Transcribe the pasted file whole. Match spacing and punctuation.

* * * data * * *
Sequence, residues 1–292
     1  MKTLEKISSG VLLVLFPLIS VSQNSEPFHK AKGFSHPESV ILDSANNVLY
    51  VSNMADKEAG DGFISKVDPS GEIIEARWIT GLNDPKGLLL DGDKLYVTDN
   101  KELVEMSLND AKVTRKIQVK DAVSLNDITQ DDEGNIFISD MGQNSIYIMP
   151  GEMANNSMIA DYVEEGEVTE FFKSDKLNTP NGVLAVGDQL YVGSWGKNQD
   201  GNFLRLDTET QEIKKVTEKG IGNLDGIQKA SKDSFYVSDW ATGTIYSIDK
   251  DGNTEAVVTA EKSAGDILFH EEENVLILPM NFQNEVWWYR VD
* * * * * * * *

Sequence, residues 1–292
     1  MKTLEKISSG VLLVLFPLIS VSQNSEPFHK AKGFSHPESV ILDSANNVLY
    51  VSNMADKEAG DGFISKVDPS GEIIEARWIT GLNDPKGLLL DGDKLYVTDN
   101  KELVEMSLND AKVTRKIQVK DAVSLNDITQ DDEGNIFISD MGQNSIYIMP
   151  GEMANNSMIA DYVEEGEVTE FFKSDKLNTP NGVLAVGDQL YVGSWGKNQD
   201  GNFLRLDTET QEIKKVTEKG IGNLDGIQKA SKDSFYVSDW ATGTIYSIDK
   251  DGNTEAVVTA EKSAGDILFH EEENVLILPM NFQNEVWWYR VD